By Patricia Wada
This probably marks me as a newbie, but my interest in microfinance began when I read Banker to the Poor by Muhammad Yunus. I was working at the Asian Development Bank Institute in Tokyo, Japan, and was interested in how microfinance could be a piece of the international development puzzle. Fast forward a few years and you find me now, a microfinance enthusiast at the tail end of an eight-month internship at Kiva.
Kiva is a website that lets you make micro-loans of as little as $25 to low-income borrowers around the world. A quick browse through the Kiva lending page offers a glimpse into the lives of these borrowers.
In Peru, Edgar is borrowing to buy seeds for his agriculture business. In Senegal, Tacko is borrowing for her mobile phone business. And right here in the United States, Ana is borrowing to improve her childcare business. It is these individual stories that originally attracted me to Kiva, and they continue to fuel my enthusiasm for microfinance.
One of the sessions I’m most looking forward to is “The Rise of P2P Lending.” Peer-to-peer lending sites like Kiva have opened up a new funding channel for microfinance. At the same time, they provide something traditional funding sources don’t: an educational opportunity for individuals who lend on the site.
I’m also excited to hear from individual micro-loan borrowers. I’ve spent a lot of time working with over 400 volunteers who edit and translate their profiles for Kiva, so I can’t wait to meet some Kiva borrowers at the “Kiva Lender-Borrower Meet-Up.”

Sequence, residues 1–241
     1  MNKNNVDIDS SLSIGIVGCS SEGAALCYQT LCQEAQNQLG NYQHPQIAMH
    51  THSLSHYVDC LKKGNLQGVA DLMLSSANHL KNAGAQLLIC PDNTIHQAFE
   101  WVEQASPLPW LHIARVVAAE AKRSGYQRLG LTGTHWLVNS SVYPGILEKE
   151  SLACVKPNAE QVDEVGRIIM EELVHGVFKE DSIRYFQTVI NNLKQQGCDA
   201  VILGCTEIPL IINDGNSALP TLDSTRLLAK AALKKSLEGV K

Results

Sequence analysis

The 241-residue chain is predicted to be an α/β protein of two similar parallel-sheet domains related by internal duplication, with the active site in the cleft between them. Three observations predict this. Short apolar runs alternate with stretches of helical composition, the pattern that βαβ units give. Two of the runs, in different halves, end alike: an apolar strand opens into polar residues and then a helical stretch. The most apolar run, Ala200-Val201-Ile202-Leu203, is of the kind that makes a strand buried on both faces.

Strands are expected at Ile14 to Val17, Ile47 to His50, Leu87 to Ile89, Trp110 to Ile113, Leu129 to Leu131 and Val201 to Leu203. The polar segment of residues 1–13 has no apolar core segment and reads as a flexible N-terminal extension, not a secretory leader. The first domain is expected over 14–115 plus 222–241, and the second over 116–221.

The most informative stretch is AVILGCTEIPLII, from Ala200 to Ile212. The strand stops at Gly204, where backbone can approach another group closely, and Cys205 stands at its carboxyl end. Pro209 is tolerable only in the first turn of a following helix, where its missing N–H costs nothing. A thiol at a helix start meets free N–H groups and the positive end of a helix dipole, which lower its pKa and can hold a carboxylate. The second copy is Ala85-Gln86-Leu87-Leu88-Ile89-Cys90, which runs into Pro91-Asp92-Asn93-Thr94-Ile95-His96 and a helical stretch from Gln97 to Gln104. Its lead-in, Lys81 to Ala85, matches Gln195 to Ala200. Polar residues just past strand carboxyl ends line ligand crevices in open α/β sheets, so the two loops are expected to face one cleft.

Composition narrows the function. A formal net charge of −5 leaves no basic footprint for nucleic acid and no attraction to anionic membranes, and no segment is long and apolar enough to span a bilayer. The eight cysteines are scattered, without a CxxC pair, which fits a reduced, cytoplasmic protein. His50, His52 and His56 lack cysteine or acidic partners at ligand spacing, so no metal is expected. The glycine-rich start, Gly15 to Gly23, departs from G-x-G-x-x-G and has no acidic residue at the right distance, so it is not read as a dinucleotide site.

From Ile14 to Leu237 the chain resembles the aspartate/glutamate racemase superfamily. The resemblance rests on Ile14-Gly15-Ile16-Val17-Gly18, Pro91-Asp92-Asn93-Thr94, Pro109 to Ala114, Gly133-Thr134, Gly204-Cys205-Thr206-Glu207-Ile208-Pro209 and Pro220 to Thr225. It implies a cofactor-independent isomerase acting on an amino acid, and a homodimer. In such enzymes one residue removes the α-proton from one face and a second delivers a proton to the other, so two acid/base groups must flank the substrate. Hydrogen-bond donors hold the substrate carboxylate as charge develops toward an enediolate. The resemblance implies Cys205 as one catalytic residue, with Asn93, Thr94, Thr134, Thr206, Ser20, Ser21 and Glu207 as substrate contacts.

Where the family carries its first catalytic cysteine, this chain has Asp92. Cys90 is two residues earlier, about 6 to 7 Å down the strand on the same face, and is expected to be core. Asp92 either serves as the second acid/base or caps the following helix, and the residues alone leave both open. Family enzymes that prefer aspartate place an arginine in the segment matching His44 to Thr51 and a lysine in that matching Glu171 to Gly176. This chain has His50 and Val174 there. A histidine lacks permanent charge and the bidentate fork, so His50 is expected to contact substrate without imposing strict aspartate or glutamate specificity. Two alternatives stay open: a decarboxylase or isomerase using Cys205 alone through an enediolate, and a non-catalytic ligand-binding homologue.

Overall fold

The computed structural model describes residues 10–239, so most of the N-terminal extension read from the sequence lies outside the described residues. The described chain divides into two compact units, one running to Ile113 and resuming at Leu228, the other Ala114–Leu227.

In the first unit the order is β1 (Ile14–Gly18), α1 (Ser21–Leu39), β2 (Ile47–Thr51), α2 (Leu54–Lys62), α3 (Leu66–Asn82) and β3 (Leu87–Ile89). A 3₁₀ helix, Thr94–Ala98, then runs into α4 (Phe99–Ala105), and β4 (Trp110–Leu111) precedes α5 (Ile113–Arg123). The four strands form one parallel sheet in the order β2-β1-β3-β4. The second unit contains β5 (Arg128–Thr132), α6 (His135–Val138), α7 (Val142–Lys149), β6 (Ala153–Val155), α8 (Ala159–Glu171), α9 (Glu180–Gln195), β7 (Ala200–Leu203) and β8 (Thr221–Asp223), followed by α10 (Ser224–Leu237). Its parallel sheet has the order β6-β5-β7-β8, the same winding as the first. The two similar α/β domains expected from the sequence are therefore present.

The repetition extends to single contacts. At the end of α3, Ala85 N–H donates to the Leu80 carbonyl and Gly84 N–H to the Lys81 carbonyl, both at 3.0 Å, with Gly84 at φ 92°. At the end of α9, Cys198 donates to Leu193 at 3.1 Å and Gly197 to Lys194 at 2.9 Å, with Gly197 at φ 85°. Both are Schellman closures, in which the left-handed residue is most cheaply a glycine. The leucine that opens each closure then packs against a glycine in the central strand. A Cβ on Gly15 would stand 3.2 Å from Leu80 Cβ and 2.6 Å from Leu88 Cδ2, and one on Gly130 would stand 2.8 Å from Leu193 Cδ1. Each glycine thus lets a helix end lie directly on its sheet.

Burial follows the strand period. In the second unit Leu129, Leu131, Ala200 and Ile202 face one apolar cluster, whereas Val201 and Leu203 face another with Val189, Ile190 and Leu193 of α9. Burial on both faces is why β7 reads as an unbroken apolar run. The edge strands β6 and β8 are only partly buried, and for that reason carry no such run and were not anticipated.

The “Opening Session: Conversation with Maria Shriver” is likely to be a highlight for me because of the chance to hear Maria Shriver speak, along with Kiva President Premal Shah. Thursday night’s “Taste of Microentrepreneurship” event will combine two things I’m passionate about microfinance and food, as microentrepreneurs will be representing Bay Area kitchens in a “food festival”!
On the other end of the spectrum, the conference offers sessions on important big-picture questions. I’m particularly interested in “What is a Fair Price to Pay for Good Credit?” and “Is Savings Even More Important than Credit?” These have been hot topics in the Kiva office and in the microfinance world, and I’m looking forward to hearing the experts weigh in.
The conference promises a great mix of sessions for seasoned microfinance professionals and relative newbies alike. It’s not too late to register for individual sessions or for the whole conference. I hope to see you there!
Patricia Wada has just completed an eight-month internship in Kiva’s Review and Translation Team. She previously worked in the publications department of the Asian Development Bank Institute in Tokyo, Japan. A believer in the importance of microfinance for poverty alleviation, Patricia is continually inspired by the stories of microfinance clients all over the world.